AIKEN -- Porter Walker came to First Presbyterian Church in Aiken looking for help Friday morning.
Like many Graniteville residents, he hoped to receive a small stipend for food, clothing and lodging that Norfolk Southern Corp. officials were offering to an estimated 5,400 evacuees who were forced from their homes after toxic chlorine vapors saturated the community because of Thursday's early-morning train wreck.
But shortly after the 56-year-old accepted a $300 assistance check from the railroad company, he decided to return it. An unusual disclaimer on the back of the check made the Avondale Mills employee nervous.
The clause reads: "Endorsement of this check constitutes a full, final and complete release of all claims growing out of an accident occurring at Graniteville, 1-6-2005."
Although Norfolk Southern officials said signing the check wouldn't be a waiver on future claims against the company, Mr. Walker didn't believe it.
"This tells me they are trying to get out of something," Mr. Walker said. "If it don't mean what it says, why can't they cut a check that says this is a stipend to help people through this crisis? "
And an Augusta personal injury trial lawyer who specializes in toxic chemical tort cases said Mr. Walker's instincts were correct.
"They should not sign it," John Bell said. "They absolutely should not sign it. That would be a legal release you have settled your claim, and if it's too little, too bad."
Rob Fender, the regional claims manager for Norfolk Southern, said the fine print meant the assistance checks being issued over the next two days are compensation limited to evacuation expenses associated with the chemical leak.
The wording does not mean evacuees will waive their rights to file personal injury and property claims later by accepting the assistance checks.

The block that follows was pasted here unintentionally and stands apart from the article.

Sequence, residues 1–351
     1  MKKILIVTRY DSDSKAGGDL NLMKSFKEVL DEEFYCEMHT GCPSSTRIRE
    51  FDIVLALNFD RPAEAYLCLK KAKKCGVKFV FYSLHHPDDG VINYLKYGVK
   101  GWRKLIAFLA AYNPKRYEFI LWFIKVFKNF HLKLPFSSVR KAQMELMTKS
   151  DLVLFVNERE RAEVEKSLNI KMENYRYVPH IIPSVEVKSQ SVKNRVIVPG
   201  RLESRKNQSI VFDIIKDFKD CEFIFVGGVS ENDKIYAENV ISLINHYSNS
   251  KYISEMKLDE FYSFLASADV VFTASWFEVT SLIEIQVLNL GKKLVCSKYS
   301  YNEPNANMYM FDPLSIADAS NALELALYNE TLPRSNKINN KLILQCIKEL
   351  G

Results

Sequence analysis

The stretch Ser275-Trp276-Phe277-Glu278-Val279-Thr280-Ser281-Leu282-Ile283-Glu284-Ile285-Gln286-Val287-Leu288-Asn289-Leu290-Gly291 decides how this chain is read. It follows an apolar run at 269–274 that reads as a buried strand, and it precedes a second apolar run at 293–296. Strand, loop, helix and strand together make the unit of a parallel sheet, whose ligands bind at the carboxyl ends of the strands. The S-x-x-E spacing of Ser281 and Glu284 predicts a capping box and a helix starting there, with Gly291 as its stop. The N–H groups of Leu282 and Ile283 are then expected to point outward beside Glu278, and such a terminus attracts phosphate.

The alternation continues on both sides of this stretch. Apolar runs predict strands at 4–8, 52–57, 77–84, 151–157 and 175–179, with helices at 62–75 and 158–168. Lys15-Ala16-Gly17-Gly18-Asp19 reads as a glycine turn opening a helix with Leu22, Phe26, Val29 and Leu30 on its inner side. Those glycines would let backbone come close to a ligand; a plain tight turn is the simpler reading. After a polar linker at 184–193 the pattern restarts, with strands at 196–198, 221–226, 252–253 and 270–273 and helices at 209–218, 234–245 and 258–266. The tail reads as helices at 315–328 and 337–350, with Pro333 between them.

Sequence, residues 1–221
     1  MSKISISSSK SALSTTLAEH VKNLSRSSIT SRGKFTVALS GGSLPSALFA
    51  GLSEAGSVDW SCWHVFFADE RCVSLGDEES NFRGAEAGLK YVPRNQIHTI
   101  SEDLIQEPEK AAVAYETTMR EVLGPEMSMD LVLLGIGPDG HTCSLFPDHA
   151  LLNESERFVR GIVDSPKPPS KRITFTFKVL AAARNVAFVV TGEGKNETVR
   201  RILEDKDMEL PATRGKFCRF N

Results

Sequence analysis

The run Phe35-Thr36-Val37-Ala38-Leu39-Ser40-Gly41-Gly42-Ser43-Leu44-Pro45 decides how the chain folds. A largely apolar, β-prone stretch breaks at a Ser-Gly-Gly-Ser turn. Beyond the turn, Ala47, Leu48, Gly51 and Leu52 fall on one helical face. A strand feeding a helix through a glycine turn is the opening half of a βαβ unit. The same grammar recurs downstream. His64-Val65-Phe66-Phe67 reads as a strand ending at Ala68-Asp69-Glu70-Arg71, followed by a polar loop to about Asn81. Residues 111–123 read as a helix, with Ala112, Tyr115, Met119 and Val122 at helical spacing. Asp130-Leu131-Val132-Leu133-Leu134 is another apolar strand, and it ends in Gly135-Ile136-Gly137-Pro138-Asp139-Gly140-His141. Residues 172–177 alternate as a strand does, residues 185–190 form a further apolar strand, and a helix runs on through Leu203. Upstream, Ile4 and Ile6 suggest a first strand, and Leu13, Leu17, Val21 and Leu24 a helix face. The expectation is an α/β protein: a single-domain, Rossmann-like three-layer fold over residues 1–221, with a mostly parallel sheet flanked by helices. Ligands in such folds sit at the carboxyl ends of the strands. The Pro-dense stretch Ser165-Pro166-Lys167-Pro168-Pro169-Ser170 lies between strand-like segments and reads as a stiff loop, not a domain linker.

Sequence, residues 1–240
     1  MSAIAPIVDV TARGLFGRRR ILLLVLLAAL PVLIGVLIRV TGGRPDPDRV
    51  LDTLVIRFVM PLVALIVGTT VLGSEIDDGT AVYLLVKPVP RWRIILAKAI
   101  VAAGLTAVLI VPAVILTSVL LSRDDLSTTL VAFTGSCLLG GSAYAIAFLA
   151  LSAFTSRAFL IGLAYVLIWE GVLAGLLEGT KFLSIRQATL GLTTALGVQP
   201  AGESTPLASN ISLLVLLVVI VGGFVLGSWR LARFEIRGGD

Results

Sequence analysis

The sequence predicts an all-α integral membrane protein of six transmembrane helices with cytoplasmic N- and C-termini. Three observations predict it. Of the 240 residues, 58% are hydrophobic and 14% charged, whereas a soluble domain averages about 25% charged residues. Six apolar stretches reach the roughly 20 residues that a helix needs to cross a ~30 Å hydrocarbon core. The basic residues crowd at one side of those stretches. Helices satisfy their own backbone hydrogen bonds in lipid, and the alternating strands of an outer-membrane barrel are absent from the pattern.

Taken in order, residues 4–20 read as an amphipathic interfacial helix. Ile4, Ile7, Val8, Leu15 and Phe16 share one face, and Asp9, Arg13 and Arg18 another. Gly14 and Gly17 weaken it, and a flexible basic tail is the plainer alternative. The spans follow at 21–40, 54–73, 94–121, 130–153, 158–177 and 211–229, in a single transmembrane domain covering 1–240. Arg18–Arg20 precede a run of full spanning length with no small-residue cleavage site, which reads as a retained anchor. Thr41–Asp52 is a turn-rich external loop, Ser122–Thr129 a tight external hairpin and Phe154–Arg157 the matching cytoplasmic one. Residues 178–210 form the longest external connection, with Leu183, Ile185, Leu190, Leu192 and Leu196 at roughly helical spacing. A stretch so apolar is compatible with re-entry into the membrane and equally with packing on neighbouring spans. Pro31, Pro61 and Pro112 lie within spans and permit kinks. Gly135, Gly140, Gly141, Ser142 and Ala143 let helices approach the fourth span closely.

"Personal injury claims cannot be resolved right now," he said. "If they do have personal injuries or damage to their homes, they can come back."
Hundreds of victims stood in line for as long as an hour, eager to collect an allowance to purchase necessities such as food, clothing and hygiene products.
"We only brought our shoes; that's all we had time to do, put on our shoes," said Tara McKie, who lives at Graniteville's Kalmia Apartments with her husband and three children. "The police came knocking on our door, and they told us we had 10 minutes to get on the bus waiting outside. We're going to Wal-Mart or Target to get the basics."
Aiken County Sheriff Michael Hunt said the delicate and dangerous process of cleaning up the wreck will keep them from their homes for between three and six days.
Mr. Walker isn't convinced the railroad company's intentions are sincere.
"Sure, I could have used (the check).... But I'll just sit and wait before I let a $100 billion company run over me."
Reach Krista Zilizi at (803) 648-1395. ext. 106, or firstname.lastname@example.org.
Norfolk Southern Corp. officials have established a family assistance center at First Presbyterian Church in Aiken. The assistance shelter will be open from 8 a.m. to 8 p.m. today and from 1 to 8 p.m. Sunday. For information, call (803) 648-2662.The checks being issued by Norfolk Southern to evacuees have this statement printed on them: "Endorsement of this check constitutes a full, final and complete release of all claims growing out of an accident occurring at Graniteville, 1-6-2005."
The checks being issued by Norfolk Southern to evacuees have this statement printed on them: "Endorsement of this check constitutes a full, final and complete release of all claims growing out of an accident occurring at Graniteville, 1-6-2005."
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